MPs from all sides suggest that there were no flashpoints in the "comradely" debate but Kendall opened up a significant dividing line between herself and Burnham when she warned that it would be a "profound mistake" for Labour "to somehow boycott" the EU Yes campaign. Last week, the shadow health secretary pledged to establish a separate pro-EU Labour group, arguing that he had "learned the lessons" of Scotland (when the party was attacked by the SNP for campaigning alongisde the Tories in Better Together). Cooper argued that choosing between being part of a cross-party Yes campaign and running a separate Labour campaign was a "false choice" because the most effective way to make the argument was at a local level (for instance, talking about the jobs that would be lost in factories in her constituency). 

The mood of the camps was little changed from before. Burnham's remain confident that he will hold his frontrunner position (he won five new endorsements following the hustings), Cooper's that she is well positioned to win from the centre and Kendall's that her "change candidate" status will give her the edge. One thing today's hustings has clarified, however, is that there will almost certainly only be three candidates on the ballot paper. Mary Creagh and Jeremy Corbyn, the two other contenders, are both well short of the 35 nominations (15 per cent of MPs) they need. Burnham's camp are resistant to the idea of lending Corbyn supporters (as David Miliband did with Diane Abbott in 2010), with one senior figure telling me that he was opposed to a "Westminster stitch-up". Without one, however, there is no path to the ballot for the left-winger.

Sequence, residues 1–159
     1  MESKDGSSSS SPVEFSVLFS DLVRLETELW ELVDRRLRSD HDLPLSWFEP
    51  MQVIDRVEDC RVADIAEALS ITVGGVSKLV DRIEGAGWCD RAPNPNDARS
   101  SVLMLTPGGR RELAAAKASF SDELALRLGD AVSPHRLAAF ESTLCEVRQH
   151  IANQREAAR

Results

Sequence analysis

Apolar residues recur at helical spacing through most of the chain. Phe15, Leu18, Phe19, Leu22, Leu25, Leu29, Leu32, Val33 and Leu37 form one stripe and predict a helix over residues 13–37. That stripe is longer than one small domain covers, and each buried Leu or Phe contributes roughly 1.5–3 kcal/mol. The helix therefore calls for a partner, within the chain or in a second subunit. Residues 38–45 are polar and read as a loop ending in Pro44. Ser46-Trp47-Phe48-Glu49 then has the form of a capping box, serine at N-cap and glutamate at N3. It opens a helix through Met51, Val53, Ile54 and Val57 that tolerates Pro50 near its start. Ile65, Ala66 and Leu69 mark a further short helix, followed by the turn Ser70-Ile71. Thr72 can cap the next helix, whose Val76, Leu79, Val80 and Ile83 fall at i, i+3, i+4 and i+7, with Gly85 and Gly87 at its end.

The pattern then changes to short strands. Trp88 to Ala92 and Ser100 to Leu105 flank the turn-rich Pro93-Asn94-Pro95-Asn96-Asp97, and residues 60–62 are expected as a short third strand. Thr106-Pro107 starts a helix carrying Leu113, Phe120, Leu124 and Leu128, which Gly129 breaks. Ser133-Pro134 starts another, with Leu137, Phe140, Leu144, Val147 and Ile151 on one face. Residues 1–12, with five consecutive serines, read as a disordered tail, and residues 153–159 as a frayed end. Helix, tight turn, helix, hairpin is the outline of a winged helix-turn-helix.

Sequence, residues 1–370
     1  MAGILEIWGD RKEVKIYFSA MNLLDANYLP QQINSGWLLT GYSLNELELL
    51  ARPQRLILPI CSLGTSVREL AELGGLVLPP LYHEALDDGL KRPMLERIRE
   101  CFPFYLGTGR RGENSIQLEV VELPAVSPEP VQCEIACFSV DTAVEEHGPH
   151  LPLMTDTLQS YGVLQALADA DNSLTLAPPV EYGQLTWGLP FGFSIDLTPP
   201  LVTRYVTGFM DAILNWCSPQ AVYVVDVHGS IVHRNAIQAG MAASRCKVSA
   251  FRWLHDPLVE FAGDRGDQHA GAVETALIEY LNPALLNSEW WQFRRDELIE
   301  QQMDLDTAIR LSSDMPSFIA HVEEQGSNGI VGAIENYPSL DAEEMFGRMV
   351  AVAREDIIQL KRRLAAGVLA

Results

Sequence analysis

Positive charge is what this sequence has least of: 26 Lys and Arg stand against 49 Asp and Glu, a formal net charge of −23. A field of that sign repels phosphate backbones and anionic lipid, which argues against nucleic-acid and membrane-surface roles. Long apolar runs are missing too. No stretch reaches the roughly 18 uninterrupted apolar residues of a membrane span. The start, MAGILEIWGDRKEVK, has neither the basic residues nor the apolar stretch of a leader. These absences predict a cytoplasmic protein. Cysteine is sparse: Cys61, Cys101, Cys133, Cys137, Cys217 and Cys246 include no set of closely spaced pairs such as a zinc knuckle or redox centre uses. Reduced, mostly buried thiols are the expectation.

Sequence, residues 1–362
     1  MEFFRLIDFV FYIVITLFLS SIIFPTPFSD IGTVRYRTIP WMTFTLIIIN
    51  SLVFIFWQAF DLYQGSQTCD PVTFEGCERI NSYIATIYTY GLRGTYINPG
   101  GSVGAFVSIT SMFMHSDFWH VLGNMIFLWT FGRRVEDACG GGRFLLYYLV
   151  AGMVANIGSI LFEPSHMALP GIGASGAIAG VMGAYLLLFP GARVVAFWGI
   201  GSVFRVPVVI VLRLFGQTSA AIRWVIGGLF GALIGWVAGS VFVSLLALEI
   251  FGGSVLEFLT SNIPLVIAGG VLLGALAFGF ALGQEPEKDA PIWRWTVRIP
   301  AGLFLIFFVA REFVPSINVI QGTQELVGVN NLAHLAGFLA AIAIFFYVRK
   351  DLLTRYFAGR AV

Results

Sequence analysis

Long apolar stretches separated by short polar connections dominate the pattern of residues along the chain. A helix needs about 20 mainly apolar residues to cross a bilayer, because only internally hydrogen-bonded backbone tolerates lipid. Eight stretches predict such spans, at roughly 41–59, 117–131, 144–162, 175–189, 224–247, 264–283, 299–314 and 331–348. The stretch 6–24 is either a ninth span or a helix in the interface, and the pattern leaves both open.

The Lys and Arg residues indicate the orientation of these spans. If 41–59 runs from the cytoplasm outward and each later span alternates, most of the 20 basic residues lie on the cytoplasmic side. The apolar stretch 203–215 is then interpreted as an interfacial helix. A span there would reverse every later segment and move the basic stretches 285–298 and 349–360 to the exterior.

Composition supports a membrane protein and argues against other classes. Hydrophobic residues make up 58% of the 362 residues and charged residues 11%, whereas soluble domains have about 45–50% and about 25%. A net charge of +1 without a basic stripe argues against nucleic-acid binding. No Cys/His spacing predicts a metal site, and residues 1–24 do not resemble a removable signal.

Burnham's five new supporters are Andy McDonald, Alex Cunningham, Heidi Alexander, Carolyn Harris and Valerie Vaz. 

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Now listen to George discussing the Labour leadership contest on the NS podcast: